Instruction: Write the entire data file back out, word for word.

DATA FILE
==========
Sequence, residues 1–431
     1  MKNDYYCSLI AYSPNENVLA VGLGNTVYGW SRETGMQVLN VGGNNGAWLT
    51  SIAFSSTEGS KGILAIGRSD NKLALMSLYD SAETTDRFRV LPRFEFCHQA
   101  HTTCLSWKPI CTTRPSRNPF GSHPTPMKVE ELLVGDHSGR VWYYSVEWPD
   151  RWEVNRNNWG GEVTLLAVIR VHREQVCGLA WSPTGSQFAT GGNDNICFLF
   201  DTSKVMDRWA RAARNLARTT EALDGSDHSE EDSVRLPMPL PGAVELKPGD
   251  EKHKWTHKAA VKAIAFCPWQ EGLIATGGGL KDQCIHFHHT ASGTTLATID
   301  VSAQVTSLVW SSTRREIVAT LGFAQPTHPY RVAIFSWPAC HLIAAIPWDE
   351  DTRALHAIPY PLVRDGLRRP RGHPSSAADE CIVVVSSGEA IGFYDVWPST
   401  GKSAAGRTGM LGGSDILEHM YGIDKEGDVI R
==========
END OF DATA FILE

Sequence, residues 1–431
     1  MKNDYYCSLI AYSPNENVLA VGLGNTVYGW SRETGMQVLN VGGNNGAWLT
    51  SIAFSSTEGS KGILAIGRSD NKLALMSLYD SAETTDRFRV LPRFEFCHQA
   101  HTTCLSWKPI CTTRPSRNPF GSHPTPMKVE ELLVGDHSGR VWYYSVEWPD
   151  RWEVNRNNWG GEVTLLAVIR VHREQVCGLA WSPTGSQFAT GGNDNICFLF
   201  DTSKVMDRWA RAARNLARTT EALDGSDHSE EDSVRLPMPL PGAVELKPGD
   251  EKHKWTHKAA VKAIAFCPWQ EGLIATGGGL KDQCIHFHHT ASGTTLATID
   301  VSAQVTSLVW SSTRREIVAT LGFAQPTHPY RVAIFSWPAC HLIAAIPWDE
   351  DTRALHAIPY PLVRDGLRRP RGHPSSAADE CIVVVSSGEA IGFYDVWPST
   401  GKSAAGRTGM LGGSDILEHM YGIDKEGDVI R